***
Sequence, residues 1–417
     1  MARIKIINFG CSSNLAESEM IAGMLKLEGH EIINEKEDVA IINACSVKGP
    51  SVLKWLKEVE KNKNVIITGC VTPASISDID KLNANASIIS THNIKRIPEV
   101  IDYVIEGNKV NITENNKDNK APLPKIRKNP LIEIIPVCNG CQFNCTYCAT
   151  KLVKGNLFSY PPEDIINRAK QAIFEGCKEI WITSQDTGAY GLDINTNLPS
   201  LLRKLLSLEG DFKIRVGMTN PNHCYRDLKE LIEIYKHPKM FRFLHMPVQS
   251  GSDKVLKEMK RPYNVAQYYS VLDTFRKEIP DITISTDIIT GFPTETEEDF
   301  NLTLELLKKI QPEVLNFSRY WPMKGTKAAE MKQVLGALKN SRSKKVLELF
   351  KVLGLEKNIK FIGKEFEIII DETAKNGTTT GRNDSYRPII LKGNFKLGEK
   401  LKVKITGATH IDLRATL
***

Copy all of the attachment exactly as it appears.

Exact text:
Sequence, residues 1–417
     1  MARIKIINFG CSSNLAESEM IAGMLKLEGH EIINEKEDVA IINACSVKGP
    51  SVLKWLKEVE KNKNVIITGC VTPASISDID KLNANASIIS THNIKRIPEV
   101  IDYVIEGNKV NITENNKDNK APLPKIRKNP LIEIIPVCNG CQFNCTYCAT
   151  KLVKGNLFSY PPEDIINRAK QAIFEGCKEI WITSQDTGAY GLDINTNLPS
   201  LLRKLLSLEG DFKIRVGMTN PNHCYRDLKE LIEIYKHPKM FRFLHMPVQS
   251  GSDKVLKEMK RPYNVAQYYS VLDTFRKEIP DITISTDIIT GFPTETEEDF
   301  NLTLELLKKI QPEVLNFSRY WPMKGTKAAE MKQVLGALKN SRSKKVLELF
   351  KVLGLEKNIK FIGKEFEIII DETAKNGTTT GRNDSYRPII LKGNFKLGEK
   401  LKVKITGATH IDLRATL